Monday, January 16, 2012
Where are the jobs going to come from? TMM aren't sure Rifkin's idea of a new mittelstand of craftspeople makes sense particularly, but then they have to come from somewhere - the secular decline of jobs in Race Against the Machine makes it seem pretty dire for a lot of jobs and we aren't just talking bond traders and FX dealers. Jobs where you can collect a steady and consistent rent for doing the same thing are on the outer it seems:
For instance, creative writing, arts instruction, and other “soft skills” are not always as amenable to rule-based software or distance learning. We concur with Rhode Island School of Design president John Maeda’s vision that a move from STEM (Science, Technology, Engineering, and Mathematics) to STEAM (adding Arts to the mix) is the right vision for boosting innovation. The technology and systems for education have to be compatible with that vision. In particular, softer skills like leadership, team building, and creativity will be increasingly important. They are the areas least likely to be automated and most in demand in a dynamic, entrepreneurial economy. Conversely, college graduates who seek the traditional type of job, where someone else tells them what to do each day, will find themselves increasingly in competition with machines, which excel at following detailed instructions." - Race Against the Machine
This is a great idea but would kill a lot of sacred cows - like company specific defined benefit pensions and the home mortgage subsidy. TMM like this idea a lot, but getting it done won't be easy and in the interim people can fall through cracks. It also runs counter to the life of anyone except an itinerant investor / hacker / engineer who lives out of a messenger bag with a laptop. So..... if it seems a stretch to us its a BIG stretch for everyone else.
Decouple benefits from jobs to increase flexibility and dynamism. Tying health care and other mandated benefits to jobs makes it harder for people to move to new jobs or to quit and start new businesses. For instance, many a potential entrepreneur has been blocked by the need to maintain health insurance. Denmark and the Netherlands have led the way here. - Race Against the Machine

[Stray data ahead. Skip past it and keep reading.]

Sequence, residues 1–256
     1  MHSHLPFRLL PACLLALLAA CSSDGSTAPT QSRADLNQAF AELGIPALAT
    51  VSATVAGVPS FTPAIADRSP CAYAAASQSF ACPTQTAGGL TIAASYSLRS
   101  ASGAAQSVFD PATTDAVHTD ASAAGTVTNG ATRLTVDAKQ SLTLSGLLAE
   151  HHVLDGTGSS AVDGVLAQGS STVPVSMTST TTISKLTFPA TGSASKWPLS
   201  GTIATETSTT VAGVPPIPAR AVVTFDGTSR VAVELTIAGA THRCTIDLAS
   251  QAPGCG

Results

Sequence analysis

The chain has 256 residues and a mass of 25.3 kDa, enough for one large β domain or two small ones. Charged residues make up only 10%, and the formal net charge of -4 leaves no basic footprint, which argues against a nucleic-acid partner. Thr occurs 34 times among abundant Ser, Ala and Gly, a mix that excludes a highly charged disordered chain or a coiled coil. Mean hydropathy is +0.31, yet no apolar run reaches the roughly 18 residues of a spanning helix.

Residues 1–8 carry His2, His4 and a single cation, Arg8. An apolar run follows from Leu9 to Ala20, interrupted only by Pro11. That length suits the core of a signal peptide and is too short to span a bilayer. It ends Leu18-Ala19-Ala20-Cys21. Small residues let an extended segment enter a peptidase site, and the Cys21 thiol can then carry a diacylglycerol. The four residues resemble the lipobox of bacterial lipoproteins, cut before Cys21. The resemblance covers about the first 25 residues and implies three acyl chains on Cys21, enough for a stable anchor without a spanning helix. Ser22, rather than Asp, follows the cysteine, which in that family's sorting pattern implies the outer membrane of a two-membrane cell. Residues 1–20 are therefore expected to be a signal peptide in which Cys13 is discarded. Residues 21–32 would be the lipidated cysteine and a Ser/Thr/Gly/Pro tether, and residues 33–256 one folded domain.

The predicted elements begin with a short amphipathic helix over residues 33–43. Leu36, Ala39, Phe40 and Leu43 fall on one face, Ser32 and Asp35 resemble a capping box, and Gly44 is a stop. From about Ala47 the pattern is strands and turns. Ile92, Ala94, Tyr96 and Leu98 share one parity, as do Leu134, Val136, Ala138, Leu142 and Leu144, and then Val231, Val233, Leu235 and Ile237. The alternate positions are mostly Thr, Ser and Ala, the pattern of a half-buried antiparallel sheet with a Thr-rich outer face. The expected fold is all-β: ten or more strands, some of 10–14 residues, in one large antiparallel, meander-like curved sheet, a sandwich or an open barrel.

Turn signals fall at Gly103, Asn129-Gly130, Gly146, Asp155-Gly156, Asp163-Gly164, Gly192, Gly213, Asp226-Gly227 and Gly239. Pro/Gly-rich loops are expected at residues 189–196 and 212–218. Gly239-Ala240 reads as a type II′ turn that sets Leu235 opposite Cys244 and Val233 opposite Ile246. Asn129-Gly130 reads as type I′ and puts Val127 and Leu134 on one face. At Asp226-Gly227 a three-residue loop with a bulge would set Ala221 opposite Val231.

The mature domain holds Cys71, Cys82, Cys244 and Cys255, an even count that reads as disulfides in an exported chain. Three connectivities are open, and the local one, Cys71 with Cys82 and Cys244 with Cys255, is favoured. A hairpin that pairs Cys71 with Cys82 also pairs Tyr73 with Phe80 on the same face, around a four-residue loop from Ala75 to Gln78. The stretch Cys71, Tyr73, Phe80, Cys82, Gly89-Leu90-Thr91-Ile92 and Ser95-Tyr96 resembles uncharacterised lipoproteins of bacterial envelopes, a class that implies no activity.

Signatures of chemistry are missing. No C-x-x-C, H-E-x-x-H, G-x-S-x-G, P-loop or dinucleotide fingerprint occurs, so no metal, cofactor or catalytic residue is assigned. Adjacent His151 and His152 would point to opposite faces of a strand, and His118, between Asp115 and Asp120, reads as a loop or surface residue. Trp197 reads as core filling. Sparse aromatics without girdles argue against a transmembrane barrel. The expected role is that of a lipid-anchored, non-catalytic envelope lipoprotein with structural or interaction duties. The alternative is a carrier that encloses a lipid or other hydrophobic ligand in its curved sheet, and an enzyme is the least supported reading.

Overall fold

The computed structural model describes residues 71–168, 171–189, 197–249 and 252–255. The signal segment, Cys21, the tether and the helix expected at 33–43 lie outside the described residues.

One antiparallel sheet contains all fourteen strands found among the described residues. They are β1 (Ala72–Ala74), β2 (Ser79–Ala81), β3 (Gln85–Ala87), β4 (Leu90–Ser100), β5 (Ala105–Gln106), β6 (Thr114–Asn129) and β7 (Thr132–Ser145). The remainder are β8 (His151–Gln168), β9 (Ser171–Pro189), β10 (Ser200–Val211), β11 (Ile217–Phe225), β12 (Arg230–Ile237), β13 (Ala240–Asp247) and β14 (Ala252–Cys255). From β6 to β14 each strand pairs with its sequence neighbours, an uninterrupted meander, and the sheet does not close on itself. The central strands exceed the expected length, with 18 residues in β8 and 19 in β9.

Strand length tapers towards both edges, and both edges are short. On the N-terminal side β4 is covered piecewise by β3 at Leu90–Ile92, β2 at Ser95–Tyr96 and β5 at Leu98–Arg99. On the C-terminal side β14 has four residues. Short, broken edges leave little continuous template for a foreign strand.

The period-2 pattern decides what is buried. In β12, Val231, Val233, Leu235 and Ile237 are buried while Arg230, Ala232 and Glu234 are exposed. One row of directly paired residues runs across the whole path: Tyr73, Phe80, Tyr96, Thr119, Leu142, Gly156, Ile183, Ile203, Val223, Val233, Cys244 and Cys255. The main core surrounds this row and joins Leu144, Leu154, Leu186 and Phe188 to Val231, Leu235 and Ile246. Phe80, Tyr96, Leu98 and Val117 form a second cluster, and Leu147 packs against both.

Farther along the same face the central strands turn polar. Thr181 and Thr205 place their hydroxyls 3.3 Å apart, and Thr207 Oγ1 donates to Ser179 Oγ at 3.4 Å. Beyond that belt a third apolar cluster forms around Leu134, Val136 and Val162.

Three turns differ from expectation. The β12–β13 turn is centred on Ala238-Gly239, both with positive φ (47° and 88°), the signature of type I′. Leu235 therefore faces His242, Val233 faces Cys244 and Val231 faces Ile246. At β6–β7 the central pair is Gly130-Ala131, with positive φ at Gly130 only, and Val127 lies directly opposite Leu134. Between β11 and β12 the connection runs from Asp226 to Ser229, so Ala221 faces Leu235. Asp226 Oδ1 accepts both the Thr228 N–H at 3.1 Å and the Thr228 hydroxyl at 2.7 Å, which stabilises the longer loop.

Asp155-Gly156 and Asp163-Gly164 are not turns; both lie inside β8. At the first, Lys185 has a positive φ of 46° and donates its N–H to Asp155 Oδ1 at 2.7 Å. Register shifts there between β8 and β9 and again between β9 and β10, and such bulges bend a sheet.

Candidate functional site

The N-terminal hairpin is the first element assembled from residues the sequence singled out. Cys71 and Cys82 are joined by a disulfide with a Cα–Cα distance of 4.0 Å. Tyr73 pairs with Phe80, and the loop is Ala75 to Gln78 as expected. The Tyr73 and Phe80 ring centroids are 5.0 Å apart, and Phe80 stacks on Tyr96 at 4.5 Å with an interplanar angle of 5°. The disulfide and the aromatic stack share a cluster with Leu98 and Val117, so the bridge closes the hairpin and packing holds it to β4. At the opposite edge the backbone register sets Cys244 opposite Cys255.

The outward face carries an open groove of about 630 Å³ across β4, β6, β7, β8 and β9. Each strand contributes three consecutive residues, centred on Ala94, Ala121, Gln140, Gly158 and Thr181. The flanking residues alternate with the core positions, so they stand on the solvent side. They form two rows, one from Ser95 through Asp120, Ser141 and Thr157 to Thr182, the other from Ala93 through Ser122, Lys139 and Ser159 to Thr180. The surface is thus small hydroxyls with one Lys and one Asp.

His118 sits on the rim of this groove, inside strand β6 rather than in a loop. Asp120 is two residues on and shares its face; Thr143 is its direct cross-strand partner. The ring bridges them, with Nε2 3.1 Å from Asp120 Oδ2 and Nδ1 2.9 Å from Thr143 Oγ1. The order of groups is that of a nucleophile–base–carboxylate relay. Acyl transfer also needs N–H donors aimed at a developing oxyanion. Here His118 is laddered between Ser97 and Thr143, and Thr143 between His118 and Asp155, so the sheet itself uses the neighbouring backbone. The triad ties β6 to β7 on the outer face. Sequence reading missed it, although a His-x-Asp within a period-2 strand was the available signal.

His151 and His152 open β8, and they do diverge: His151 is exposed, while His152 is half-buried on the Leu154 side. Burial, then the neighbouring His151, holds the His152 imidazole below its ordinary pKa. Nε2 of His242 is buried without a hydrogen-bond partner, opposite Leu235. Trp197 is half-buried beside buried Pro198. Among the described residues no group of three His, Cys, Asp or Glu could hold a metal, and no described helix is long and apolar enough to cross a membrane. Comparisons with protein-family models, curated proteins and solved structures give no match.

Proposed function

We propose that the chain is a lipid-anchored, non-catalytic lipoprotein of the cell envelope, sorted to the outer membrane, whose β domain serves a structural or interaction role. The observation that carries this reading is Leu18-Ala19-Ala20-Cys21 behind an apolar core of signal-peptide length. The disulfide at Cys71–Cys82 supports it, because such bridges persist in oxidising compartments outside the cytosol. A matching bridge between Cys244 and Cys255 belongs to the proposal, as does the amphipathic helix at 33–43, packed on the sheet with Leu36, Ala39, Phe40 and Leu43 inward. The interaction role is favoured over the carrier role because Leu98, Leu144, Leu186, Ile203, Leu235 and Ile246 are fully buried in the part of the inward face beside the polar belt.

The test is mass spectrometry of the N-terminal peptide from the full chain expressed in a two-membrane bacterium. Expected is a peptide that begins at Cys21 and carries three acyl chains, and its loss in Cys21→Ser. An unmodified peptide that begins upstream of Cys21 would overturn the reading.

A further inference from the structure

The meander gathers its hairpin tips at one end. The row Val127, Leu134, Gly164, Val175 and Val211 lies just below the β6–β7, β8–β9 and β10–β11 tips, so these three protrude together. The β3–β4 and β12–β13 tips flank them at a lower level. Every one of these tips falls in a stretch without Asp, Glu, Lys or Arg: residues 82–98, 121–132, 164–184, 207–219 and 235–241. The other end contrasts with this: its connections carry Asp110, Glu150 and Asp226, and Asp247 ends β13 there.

Eliminate or reduce the massive home mortgage subsidy. This costs over $130 billion per year, which would do much more for growth if allocated to research or education. While home ownership has many laudable benefits, it likely reduces labor mobility and economic flexibility, which conflicts with the economy’s increased need for flexibility. - Race Against the MachineTMM are coming to the conclusion that the stable outcome here is centralized savings like Australian superannuation, portable healthcare and insurance policies and a fairly healthy degree of redistribution and consumption / sin taxes, much along the lines of Rick Bookstaber here and here. Quoting some of Bookstaber's piece below, just what do you invest in when the world is like this?
Take these two trends (Diminishing Consumption, Diminishing Labor in Production) to their extreme. We are in the year 2025. Because of advances in production technology, much of the path from extracting the required renewable resources through to the production and distribution of most of the items we demand can be accomplished with automated methods overseen by a small cadre of engineers.... The main items we demand, beyond food, clothing and shelter, are the nth generation game systems.... The entertainment industry has disappeared; it is all free, operated with the same open-source ethos that spelled doom for most commercial software enterprises over the past decade. Which also means no more advertising. We pretty much know what we want to buy, and depend on those in our FriendWeb™ (version 4.6) to guide us....If you look hour by hour at what anyone is doing, it is hard to differentiate the super rich from those a few rungs above subsistence level....If you look hour by hour at what anyone is doing, it is hard to differentiate the super rich from those a few rungs above subsistence level....
Perhaps more importantly from a fundamental economic perspective, what does this mean for the Phillips Curve? If labor drops out of COGS or becomes ~5% or less and/or has no pricing power then does the Phillips Curve become a random scatterplot as wages are no longer a key driver of inflation? What does this mean for monetary policy? Is loose policy just about redistribution from fixed to inflation linked receivers and "financial suppression" with ~0 redistribution to those who derive most income from wages? Is Ron Paul vs Paul Krugman really just a pissing contest between two guys on different sides of a vanilla rate swap? TMM don't have the answer but would be fascinated to know what you think.
Posted by Nemo Incognito at 3:15 PM